Basic accounting principles are the general decision rules which govern the development of accounting techniques. These principles, do not violate or conflict with the four basic assumptions discussed above, but refine the application thereof. The following are the basic accounting principles:
- Duality (Dual Aspect Principle)
- Revenue Recognition Principle
- Historical Cost Principle
- Matching Principle
- Full Disclosure Principle
This principle states that every transaction has two aspects. It therefore, implies that minimum two accounts will be involved in recording a transaction. When an investment is made by the owner in the business, it results in increase in an asset and increase in owner's equity. Thus, this transaction is recorded considering these two aspects, i.e. asset and owner's equity. Every transaction will affect the accounting equation, whereby, there will be corresponding increase or decrease on both sides of the equation or increase and decrease on one side of the equation. The accounting equation is given below:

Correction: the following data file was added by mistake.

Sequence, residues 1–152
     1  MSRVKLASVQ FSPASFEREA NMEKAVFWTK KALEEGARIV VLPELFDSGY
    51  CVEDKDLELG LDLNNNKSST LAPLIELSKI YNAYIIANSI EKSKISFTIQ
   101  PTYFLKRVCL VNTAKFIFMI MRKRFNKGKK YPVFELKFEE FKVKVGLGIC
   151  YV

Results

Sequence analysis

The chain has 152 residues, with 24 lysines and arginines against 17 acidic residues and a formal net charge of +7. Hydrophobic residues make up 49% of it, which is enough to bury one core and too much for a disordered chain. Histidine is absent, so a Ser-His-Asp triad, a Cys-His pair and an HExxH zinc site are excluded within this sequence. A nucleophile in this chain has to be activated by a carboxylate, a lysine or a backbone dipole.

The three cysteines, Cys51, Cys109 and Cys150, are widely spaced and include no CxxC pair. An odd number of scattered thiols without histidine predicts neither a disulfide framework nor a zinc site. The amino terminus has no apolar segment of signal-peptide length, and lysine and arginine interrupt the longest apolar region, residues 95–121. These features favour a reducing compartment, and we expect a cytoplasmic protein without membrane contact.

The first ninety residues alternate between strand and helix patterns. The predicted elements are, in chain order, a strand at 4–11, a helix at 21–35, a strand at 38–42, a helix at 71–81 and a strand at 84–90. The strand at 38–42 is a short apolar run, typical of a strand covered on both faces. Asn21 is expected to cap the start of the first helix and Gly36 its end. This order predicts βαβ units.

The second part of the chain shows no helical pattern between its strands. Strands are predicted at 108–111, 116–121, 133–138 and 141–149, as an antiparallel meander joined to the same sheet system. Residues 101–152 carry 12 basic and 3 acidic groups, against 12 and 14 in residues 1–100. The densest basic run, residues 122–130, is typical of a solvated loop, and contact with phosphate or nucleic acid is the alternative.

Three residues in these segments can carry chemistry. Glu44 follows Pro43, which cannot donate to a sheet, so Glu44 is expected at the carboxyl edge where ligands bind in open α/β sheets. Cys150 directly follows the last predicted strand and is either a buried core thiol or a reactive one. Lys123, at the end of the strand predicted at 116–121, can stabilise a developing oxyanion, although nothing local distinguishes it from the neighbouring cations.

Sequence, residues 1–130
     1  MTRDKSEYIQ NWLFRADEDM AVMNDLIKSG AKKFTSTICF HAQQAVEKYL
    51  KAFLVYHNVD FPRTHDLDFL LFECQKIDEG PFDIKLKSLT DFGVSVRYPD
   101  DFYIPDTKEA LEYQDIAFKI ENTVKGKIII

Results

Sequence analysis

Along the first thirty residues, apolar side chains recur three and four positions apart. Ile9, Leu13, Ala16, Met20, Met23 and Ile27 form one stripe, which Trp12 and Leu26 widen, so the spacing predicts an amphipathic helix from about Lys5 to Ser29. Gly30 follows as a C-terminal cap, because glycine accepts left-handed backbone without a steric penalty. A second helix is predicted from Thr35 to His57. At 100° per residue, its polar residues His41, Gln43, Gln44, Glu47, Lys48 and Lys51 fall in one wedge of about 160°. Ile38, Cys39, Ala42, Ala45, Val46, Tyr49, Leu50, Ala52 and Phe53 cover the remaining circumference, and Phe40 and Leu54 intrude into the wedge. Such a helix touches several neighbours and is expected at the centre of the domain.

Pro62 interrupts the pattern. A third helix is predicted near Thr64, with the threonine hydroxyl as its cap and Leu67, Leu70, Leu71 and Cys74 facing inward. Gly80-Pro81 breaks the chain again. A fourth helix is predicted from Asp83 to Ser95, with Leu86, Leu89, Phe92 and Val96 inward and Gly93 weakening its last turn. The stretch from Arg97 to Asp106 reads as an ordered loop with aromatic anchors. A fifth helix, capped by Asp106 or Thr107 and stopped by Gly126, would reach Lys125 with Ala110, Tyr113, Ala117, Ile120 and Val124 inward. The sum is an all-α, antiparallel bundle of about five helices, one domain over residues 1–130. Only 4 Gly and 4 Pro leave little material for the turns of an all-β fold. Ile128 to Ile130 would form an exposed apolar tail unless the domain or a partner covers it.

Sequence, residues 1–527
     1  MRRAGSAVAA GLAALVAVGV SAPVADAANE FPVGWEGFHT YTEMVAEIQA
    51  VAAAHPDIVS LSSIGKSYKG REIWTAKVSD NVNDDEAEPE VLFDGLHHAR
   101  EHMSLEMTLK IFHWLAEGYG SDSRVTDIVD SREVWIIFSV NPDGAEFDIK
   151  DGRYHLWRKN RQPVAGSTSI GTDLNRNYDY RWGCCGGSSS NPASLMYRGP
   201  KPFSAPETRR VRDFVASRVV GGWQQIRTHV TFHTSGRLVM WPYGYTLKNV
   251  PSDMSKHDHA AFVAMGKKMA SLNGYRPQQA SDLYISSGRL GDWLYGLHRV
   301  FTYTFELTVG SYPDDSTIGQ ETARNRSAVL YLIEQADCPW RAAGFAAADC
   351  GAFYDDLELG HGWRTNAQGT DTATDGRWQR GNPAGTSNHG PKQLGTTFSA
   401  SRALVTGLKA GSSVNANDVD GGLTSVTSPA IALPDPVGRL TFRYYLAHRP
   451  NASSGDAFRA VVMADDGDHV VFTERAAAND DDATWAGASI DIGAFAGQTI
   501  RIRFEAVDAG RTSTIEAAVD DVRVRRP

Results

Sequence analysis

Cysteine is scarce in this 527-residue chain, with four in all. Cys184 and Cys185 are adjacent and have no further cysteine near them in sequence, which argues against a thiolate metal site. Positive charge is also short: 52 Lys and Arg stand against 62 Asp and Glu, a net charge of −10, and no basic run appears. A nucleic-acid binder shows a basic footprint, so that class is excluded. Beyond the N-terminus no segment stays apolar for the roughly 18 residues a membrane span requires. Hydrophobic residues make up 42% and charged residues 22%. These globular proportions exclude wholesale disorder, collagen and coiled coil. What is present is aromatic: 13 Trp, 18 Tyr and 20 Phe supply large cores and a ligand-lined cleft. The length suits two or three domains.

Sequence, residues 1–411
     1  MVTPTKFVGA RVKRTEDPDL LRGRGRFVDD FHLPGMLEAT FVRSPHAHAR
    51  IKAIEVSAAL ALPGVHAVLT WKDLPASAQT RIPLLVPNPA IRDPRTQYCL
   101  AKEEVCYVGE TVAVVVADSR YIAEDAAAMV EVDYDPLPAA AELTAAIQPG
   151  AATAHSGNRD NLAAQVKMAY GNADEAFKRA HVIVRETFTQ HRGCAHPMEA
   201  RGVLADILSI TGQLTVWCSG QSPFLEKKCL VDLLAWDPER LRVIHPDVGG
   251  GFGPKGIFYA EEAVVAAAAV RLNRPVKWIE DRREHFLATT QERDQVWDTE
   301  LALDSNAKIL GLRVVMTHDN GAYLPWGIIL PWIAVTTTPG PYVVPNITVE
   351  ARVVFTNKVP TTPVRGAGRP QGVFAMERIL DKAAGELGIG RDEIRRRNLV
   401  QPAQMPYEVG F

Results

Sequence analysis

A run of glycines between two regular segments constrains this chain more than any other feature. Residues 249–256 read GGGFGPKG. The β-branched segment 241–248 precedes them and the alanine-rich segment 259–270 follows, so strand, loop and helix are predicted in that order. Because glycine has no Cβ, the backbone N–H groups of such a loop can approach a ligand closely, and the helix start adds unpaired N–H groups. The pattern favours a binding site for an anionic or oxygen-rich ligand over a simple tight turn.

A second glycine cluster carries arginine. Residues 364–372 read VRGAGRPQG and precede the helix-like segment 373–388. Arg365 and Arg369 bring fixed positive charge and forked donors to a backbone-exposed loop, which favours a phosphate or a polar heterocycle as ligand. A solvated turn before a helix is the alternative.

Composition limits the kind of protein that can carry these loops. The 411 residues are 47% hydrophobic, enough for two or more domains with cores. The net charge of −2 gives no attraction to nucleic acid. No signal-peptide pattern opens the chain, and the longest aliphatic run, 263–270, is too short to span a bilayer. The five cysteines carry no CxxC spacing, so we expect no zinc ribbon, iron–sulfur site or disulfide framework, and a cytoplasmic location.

Assets = Liabilities + Owner's Equity
The enterprise can acquire an asset by sacrificing another asset, incurring the liability or receiving it from owner (resulting in increase in owners' equity). The use of accounting equation for processing of business transaction is discussed in the next chapter.
- Role of Accounting
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- Accounting Assumptions
Assumptions are traditions and customs, which have been developed over a period of time and well accepted by the profession. Basic accounting assumptions provide a foundation for recording the transactions...
- Accounting as an Information System
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- Characteristics of Accounting Information System
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- Basic Terms in Accounting
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Revenue Recognition Principle